Carribean Cultural Connections

 

Mayor Dick CLiffe and Mrs Glenis Cliffe last week attended a reception at the Foreigh and Commonwealth Office in London to celebrate the 60th Anniversary of the Cayman Islands Coat of Arms.  Why was Penzance represented?  Because of the strong historical links between Cornwall and the Cayman Islands.

The first settlers on the Cayman Islands were two British sailors thought to be deserters from Cromwell's army, who landed there in 1658, one of whom, Bowden, was a Cornishman.  A variation of his name, "Bodden", is still common on the Islands today.  Bowden and his successors may have brought more than a family name to the Islands.  The Cayman Islands have their own version of the Cornish pasty called the Cayman Pattie.  Rugby is a national sport, and the Caymanian dialect includes several phrases that are close to Cornish terms, for example, the Cayman word 'ereckleh' meaning later, is similar to 'dreckly' in Cornwall.  And like Penzance, they celebrate their pirate connections.  Edward Teach (Blackbeard) was a frequent visitor to Grand Cayman in the 1700s and the Islands hold a festive Pirate Week every year in November.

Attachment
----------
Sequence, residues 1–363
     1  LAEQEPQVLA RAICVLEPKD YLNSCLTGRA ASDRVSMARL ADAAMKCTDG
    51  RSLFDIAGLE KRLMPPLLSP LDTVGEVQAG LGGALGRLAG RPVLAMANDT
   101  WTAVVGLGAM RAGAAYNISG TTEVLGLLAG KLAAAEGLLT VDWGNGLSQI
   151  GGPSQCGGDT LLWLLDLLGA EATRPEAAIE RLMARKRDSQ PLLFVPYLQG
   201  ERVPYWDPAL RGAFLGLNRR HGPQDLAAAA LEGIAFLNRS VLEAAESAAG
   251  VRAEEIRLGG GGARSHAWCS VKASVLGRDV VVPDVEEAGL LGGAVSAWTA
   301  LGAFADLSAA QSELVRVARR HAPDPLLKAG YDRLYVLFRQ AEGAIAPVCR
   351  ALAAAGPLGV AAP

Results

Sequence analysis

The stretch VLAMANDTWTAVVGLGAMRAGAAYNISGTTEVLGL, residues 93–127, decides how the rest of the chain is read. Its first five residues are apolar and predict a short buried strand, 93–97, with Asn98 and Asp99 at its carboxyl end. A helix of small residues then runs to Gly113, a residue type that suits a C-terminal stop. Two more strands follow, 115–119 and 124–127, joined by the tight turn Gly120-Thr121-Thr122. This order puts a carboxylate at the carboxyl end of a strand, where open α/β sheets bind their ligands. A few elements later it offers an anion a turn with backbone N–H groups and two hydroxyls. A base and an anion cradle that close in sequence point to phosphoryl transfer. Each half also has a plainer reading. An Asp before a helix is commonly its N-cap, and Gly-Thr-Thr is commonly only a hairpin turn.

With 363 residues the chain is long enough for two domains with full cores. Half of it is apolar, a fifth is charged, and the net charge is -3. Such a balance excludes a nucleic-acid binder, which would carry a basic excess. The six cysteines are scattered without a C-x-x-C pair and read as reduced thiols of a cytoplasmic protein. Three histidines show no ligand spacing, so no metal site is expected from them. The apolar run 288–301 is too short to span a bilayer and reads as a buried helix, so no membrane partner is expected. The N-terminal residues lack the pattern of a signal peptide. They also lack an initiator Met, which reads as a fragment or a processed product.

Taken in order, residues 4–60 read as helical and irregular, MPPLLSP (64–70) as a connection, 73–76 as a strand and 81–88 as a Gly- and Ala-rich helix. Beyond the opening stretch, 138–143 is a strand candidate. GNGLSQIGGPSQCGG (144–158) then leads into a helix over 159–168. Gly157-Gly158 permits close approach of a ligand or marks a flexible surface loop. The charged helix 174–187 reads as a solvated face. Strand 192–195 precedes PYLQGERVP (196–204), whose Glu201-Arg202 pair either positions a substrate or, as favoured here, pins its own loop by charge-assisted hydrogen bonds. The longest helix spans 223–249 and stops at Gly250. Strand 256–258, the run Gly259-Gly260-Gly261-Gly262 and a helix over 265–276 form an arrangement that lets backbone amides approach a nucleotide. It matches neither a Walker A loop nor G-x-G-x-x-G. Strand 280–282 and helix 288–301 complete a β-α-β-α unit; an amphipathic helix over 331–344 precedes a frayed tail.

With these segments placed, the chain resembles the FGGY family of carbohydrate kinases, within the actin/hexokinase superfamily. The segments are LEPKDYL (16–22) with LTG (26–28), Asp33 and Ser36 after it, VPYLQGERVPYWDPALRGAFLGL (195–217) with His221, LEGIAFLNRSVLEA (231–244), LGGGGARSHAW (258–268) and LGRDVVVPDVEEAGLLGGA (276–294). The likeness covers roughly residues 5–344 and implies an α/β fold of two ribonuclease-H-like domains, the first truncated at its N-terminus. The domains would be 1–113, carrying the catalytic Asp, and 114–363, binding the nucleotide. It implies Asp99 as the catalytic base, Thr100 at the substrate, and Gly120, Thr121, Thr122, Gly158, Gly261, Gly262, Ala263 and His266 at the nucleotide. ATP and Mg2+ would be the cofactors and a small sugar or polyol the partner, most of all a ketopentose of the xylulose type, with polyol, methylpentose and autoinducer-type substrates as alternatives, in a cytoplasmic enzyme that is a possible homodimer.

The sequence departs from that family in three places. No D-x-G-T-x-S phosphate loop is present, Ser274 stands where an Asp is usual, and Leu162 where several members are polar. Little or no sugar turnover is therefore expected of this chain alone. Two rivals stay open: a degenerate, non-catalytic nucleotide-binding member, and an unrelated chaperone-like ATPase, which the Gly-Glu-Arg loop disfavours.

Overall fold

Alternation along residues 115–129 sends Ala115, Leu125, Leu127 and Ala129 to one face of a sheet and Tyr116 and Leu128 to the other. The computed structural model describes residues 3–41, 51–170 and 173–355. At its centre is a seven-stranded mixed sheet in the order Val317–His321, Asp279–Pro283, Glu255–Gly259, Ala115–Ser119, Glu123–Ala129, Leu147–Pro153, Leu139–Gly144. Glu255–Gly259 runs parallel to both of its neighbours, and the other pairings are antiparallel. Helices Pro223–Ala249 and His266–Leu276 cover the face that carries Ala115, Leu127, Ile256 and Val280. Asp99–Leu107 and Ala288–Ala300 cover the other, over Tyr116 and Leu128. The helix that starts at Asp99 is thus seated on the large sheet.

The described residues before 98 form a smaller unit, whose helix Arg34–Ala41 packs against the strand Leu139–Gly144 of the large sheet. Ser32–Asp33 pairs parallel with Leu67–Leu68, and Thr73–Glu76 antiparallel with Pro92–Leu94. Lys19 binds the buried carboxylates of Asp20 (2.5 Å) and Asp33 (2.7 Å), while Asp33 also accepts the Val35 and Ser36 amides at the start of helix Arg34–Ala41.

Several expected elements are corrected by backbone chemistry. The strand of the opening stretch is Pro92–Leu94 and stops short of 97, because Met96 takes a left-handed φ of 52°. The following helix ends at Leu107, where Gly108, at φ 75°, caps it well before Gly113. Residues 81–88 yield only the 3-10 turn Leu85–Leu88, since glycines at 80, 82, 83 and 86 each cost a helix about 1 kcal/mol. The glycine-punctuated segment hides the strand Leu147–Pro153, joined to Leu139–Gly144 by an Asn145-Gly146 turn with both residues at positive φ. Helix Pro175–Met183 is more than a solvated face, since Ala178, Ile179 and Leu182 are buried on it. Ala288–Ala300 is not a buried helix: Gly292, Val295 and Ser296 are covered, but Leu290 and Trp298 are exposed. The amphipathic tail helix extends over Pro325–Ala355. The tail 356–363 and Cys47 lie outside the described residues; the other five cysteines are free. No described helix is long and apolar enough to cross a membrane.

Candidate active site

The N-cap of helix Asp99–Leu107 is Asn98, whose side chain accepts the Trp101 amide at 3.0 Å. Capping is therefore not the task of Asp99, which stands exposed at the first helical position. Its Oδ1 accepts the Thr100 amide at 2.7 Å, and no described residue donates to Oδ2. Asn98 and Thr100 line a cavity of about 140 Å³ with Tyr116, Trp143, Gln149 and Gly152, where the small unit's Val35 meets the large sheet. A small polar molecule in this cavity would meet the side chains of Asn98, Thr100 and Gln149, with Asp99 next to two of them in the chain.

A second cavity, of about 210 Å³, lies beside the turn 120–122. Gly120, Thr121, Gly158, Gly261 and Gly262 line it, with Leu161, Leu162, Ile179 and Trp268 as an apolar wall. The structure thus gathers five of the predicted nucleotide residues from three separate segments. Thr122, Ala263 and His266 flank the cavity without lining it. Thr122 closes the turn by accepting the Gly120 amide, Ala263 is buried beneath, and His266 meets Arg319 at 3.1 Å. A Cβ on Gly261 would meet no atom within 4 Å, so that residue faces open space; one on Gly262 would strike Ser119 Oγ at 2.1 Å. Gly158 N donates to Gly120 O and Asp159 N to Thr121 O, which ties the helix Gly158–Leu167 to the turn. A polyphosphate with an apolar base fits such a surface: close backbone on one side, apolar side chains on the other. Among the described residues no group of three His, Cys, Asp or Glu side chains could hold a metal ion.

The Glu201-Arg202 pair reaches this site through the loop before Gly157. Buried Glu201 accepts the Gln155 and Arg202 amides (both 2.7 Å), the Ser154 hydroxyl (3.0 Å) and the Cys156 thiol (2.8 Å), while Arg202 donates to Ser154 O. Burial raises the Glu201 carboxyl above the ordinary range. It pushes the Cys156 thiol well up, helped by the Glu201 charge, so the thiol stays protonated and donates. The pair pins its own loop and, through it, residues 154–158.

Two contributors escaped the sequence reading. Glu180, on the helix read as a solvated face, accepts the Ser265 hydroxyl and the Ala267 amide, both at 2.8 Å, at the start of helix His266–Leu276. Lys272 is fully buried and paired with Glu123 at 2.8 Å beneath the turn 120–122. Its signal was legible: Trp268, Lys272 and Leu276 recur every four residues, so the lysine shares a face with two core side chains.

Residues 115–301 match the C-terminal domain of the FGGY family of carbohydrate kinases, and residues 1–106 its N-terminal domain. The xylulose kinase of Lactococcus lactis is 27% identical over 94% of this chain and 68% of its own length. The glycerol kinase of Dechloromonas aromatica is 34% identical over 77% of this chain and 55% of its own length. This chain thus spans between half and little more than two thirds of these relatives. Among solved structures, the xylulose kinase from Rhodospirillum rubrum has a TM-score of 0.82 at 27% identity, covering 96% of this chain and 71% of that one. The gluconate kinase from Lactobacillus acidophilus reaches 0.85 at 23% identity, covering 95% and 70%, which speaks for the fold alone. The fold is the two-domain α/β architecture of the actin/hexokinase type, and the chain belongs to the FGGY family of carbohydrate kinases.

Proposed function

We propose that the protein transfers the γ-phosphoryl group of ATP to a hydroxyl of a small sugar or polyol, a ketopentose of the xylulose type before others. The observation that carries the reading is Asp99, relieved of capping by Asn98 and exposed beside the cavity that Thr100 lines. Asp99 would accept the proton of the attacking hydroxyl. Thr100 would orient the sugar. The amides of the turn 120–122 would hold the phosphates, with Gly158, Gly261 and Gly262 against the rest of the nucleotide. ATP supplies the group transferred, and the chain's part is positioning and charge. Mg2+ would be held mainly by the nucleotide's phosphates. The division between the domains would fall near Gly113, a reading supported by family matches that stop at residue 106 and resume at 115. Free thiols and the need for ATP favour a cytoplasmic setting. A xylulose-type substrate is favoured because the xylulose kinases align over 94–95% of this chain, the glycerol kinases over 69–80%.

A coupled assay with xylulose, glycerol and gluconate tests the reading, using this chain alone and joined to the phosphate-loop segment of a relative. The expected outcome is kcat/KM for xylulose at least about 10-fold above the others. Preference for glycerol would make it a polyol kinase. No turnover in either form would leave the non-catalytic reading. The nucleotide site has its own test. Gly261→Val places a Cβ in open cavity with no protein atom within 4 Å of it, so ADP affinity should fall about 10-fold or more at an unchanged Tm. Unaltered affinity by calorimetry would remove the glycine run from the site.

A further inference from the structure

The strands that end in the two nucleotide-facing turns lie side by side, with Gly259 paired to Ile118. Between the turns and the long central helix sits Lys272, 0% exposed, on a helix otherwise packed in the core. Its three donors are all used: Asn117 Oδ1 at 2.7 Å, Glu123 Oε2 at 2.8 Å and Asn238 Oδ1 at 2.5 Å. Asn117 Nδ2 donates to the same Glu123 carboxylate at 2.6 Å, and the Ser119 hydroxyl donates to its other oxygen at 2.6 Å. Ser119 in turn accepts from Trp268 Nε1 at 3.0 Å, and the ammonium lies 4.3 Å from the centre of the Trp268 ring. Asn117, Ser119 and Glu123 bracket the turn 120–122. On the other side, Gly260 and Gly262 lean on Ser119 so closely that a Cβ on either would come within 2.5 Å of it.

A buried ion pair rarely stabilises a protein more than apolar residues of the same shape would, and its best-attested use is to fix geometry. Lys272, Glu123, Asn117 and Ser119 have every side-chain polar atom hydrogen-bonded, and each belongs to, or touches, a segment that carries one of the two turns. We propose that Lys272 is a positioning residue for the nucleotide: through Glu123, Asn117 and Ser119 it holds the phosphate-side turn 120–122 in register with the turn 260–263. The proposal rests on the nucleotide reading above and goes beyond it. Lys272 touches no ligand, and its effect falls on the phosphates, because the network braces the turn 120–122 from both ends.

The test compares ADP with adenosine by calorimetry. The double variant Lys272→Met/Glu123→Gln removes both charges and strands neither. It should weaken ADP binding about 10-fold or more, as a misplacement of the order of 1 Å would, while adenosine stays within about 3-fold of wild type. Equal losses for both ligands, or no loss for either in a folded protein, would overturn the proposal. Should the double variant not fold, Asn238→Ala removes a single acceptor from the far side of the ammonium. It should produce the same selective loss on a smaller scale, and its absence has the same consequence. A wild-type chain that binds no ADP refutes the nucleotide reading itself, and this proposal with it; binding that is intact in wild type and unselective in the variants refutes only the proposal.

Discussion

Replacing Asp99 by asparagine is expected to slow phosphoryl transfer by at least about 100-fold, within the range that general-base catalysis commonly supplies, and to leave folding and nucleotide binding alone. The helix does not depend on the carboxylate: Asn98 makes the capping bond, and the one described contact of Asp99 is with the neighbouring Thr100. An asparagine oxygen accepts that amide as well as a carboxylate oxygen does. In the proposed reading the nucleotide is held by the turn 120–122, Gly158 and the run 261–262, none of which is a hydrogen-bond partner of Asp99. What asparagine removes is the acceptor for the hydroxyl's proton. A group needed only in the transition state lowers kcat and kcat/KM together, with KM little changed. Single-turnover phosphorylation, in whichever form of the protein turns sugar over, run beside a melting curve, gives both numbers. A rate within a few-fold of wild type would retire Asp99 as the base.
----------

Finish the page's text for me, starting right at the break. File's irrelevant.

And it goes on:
The gala reception hosted by Premier McLaughlin brought a full Cayman experience to the heart of Westminster.  The event was used as a platform to tell guests about the Cayman Islands story and underline the links between the Cayman Islands and Britain.

Over 400 guests attended the reception, including heads of state and senior officials from the UK and other Overseas Territories.  Guests were treated to a real taste of Caymanian culture, with Cayman-inspired food and beverages, demonstrations of the historic craft of rope-making and a film telling the Cayman Islands story through its Coat of Arms.

View a short video about the event, including an interview with Mayor Dick Cliffe HERE